LYNN — The School Committee approved the district’s $159.3 million fiscal year 2020 budget and authorized School Superintendent Dr. Patrick Tutwiler to make four new administrative hires on Thursday night.
The Lynn Public Schools budget, a 7.25 increase over last year’s school spending of $148.5 million, is part of the city’s $367.93 million FY20 budget that was approved by the City Council earlier this month.
“I think it’s a reflection of the collaboration of the School Committee and district administration coming together in support of the work ahead next year,” said Tutwiler of the budget passing.
Tutwiler said the school budget could potentially have to be amended if there is an increase in state aid to the schools when the state budget numbers are finalized. If necessary, he said that would likely come before the committee in the fall.
The school budget uses numbers from Gov. Charlie Baker’s proposed state budget, which provides $182.9 million in Chapter 70 aid to the city, which is the major program of state aid to the schools and is a $15.1 million increase over last year’s allocation. The large increase is due to a proposed revamp of the state’s foundation budget formula and the city could potentially see a higher allocation with larger numbers proposed in the state Senate budget.
Tutwiler has said the budget exceeds the district’s required net school spending by about $1.9 million. The city’s net minimum contribution for school spending is $52.16 million, based on a required net school spending for Lynn of $234.95 million.
Budgeted in FY20 are four new administrative hires the School Committee authorized on Thursday night, which will account for at least $346,438 in salaries.
With the approval, Tutwiler will hire an assistant director of English Learner Education (ELE), assistant director of social-emotional learning (SEL), out-of-district program specialist and payroll/accounts payable manager.
Final salaries will have to be impact bargained with the Lynn School Administrators Union, but base salaries for the two assistant director positions will be $92,760, the out-of-district program specialist will make at least $86,499 and the payroll manager will be paid $74,419.
School Committee members were largely in favor of the first three positions, but there was some debate about whether to approve a payroll manager, when nearly $75,000 worth of a salary could instead be expended on other needs in the district.
The finance position was the only one of the four which didn’t pass unanimously. In a 4-1 vote with two members of the panel absent, School Committee member Lorraine Gately was the opposing vote.
Gately said she’s heard concerns from her constituents about the proposal to expend more than $300,000 worth of salaries on four new hires. With teachers at the secondary level saddled with large class sizes, she’d love to see funding go toward having more management of those classrooms, and said the payroll manager hire could wait a year.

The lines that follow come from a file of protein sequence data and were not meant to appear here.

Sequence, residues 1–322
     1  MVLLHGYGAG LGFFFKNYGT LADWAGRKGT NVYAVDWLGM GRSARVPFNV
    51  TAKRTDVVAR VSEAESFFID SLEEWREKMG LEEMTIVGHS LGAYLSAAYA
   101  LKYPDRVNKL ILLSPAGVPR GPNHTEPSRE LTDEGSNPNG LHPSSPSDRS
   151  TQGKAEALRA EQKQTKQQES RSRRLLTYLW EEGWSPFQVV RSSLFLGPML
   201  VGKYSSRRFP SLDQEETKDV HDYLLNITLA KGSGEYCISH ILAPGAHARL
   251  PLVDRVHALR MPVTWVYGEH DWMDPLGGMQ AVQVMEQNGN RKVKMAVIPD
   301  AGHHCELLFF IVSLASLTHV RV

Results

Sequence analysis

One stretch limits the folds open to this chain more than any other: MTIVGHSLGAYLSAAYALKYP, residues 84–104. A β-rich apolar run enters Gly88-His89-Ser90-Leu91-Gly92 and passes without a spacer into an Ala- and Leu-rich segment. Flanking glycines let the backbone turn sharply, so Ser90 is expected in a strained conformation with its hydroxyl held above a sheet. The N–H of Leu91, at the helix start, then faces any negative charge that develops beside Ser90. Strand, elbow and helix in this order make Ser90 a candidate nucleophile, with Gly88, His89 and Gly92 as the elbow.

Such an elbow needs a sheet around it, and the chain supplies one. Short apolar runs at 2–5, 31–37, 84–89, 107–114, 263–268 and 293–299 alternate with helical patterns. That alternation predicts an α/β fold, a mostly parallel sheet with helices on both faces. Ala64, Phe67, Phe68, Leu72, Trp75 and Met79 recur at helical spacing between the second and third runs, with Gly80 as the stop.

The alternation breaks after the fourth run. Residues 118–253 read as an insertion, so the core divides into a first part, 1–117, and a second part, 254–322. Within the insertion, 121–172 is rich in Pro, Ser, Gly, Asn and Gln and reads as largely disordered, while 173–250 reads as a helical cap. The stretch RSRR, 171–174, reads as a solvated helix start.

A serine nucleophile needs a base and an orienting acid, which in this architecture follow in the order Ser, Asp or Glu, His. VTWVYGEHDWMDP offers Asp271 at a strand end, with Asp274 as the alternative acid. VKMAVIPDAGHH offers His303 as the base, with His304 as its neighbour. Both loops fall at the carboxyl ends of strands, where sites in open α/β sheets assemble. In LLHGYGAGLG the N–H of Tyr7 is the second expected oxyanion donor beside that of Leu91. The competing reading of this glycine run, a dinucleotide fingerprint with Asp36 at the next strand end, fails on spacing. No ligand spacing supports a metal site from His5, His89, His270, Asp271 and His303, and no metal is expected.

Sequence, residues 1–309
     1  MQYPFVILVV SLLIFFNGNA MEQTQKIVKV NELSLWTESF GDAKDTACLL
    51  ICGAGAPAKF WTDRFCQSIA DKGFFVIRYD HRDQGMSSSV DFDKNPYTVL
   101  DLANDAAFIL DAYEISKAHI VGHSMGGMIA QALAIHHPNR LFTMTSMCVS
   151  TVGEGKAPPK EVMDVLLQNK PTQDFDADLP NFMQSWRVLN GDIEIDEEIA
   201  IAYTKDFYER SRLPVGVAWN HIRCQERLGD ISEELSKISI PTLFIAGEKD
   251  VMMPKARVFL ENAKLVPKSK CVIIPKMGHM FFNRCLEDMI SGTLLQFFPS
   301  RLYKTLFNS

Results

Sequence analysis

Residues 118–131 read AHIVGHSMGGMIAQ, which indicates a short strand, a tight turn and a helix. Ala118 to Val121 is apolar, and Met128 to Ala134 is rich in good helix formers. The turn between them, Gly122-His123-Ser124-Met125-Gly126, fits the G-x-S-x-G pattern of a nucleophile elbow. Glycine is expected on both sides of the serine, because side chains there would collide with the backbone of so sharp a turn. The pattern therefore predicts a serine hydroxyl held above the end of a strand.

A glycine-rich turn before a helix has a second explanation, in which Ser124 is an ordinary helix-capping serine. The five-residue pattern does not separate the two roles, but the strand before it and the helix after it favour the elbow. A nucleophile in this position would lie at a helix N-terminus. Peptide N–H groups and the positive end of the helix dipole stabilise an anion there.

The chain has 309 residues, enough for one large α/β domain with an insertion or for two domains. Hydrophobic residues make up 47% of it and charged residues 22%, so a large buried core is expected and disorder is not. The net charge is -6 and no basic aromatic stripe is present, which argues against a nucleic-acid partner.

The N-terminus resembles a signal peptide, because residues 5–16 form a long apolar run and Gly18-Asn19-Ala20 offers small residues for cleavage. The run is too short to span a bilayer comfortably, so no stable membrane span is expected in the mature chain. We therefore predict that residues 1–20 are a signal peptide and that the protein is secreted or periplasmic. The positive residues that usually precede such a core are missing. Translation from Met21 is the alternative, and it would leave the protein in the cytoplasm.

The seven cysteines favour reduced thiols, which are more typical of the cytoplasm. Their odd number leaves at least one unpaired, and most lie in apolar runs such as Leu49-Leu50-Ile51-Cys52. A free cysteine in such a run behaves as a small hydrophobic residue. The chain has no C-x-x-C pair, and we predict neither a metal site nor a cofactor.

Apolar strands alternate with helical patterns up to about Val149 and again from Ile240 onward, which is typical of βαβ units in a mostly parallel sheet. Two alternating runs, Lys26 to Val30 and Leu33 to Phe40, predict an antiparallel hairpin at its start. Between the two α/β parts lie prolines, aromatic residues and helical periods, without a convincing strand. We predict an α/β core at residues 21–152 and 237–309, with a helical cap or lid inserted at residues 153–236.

Kevin McHugh, school business administrator, requested the position based on what he described as an overtaxed finance department that consists of himself and one other person.
Since the payroll manager position was eliminated in 2009, he’s been overseeing payroll directly and hiring someone else would free him up to focus on other responsibilities, which includes balancing the budget, McHugh said.
“It’s my job to correct whatever needs to be corrected,” McHugh said. “(We’re) at a crossroads where we need another position to run the operation the way it needs to be.”
Much of the dissent was around the payroll manager not being a direct service to students job, but School Committee member Jared Nicholson, who voted in favor, said it was important to view the budget in terms of the impact it was having on students.
About 90 percent of the new positions budgeted are directly interacting with students, Nicholson said, which is a “good sign of where our priorities are.”
Although committee member Brian Castellanos voted in favor, he said he did so because McHugh identified the position as a need, but felt nearly $75,000 of funding could go toward meeting other needs such as hiring social workers, crossing guards and teachers’ aides.
The committee opted to amend part of the budget as part of its approval, by reducing the superintendent’s “to be determined positions” line item by $59,794 to restore a clerical position at Breed Middle School, which has been cut and would increase the school’s clerks to three.
“Many of the clerks’ jobs have been cut, which is a huge concern and has left many schools short-handed,” said School Committee vice-chair Donna Coppola. “(I’m) seeing clerk jobs being taken away to put in management jobs and it concerns me.”
Tutwiler has said the budget allows him to meet some of his district improvement goals, including alleviating middle school overcrowding with a new eighth grade discovery academy, implementing a K-5 social-emotional learning curriculum and getting closer to state compliance with meeting the needs of English Language Learners and students on Individualized Programs (IEPs).